Despite popular belief, the taxonomy had no scientific basis. Richard Morshead (1965) pointed out on the publication of the second volume that the classification was not a properly constructed taxonomy: it lacked a systemic rationale of construction.
Morshead, Richard W. (1965). “On Taxonomy of educational objectives Handbook II: Affective domain”. Studies in Philosophy and Education. 4 (1)
This criticism was acknowledged in 2001 when a revision was made to create a taxonomy on more systematic lines. Nonetheless, there is skepticism that the hierarchy indicated is adequate. Some teachers do see the three lowest levels as hierarchically ordered, but view the higher levels as parallel.
Bloom himself was aware that the distinction between categories in some ways is arbitrary. Any task involving thinking entails multiple mental processes.
The most common criticism, perhaps most important to hear today, is that curriculum designers implicitly – and often explicitly – mistakenly dismiss the lowest levels of the pyramid as unworthy of teaching. Common Core skills-based curricular and professional development drill into teachers the idea that we shouldn’t be teaching students “facts”; rather, we should encourage students to ask questions and investigate, and learn the material, organically, for themselves.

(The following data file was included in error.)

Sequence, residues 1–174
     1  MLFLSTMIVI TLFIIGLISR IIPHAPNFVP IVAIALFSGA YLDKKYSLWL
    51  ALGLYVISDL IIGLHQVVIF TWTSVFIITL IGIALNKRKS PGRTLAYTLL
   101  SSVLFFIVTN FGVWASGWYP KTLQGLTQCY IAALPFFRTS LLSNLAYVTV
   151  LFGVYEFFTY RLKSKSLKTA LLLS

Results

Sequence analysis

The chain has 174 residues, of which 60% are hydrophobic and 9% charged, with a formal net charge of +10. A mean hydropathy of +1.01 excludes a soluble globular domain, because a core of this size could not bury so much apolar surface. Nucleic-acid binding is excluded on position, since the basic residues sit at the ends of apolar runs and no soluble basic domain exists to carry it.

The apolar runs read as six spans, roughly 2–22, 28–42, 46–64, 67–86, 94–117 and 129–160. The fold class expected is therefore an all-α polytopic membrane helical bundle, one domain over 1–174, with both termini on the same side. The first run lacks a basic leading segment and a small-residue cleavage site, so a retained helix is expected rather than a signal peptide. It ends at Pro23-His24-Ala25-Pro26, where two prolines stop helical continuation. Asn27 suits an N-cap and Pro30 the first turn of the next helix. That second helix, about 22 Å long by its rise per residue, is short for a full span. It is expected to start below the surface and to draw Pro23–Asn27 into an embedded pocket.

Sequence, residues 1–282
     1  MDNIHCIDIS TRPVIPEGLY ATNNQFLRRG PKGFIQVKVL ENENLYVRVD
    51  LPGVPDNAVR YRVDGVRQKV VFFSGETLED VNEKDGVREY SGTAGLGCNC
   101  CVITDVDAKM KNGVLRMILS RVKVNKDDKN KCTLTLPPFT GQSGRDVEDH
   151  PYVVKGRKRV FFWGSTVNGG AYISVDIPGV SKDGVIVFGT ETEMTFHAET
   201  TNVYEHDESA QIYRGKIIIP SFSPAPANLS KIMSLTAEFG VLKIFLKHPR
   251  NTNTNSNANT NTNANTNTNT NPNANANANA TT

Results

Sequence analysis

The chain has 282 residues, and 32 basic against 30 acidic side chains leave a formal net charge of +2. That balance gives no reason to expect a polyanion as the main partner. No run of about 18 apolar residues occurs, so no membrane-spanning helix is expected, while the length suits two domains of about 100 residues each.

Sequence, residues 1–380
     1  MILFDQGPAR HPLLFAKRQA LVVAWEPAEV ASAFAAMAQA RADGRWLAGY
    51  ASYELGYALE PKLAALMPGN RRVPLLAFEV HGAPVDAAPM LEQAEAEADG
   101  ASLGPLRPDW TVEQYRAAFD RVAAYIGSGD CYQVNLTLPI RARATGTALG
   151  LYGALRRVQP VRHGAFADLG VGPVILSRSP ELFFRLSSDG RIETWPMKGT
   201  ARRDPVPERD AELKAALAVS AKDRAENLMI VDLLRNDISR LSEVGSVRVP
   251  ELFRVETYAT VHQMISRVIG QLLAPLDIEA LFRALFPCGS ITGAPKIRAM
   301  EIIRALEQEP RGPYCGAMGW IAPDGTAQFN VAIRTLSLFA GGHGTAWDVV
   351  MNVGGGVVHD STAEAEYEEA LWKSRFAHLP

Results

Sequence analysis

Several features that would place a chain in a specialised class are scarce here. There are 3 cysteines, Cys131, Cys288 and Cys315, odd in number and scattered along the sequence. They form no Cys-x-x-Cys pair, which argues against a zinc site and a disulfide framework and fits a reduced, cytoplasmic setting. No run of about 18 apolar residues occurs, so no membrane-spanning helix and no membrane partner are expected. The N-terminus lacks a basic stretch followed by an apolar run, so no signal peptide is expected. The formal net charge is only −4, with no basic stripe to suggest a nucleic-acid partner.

What this doctrine misses is the fact that today’s knowledge in math, science history, etc., is literally the product of thousands of thinkers and writers, and millions of man-hours of thinking, research, and peer-review. Constructing a substantial knowledge of algebra could take a student 20 or 30 years – or they could be taught supposedly “lower level facts” about the rules of algebra.
As you read the modern day evaluations of Bloom’s taxonomy, below, note the consensus: The learning of lower level skills is necessary to enable the building of higher level skills. And New information requires prior basic information
Thinking well requires knowing facts
Psychologist Daniel Willingham explains in his book Why Don’t Students Like School:
[Modern teachers have been told that] perhaps instead of learning facts, it’s better to practice critical thinking, to have students work at evaluating all that information available on the Internet, rather than trying to commit some small part of it to memory.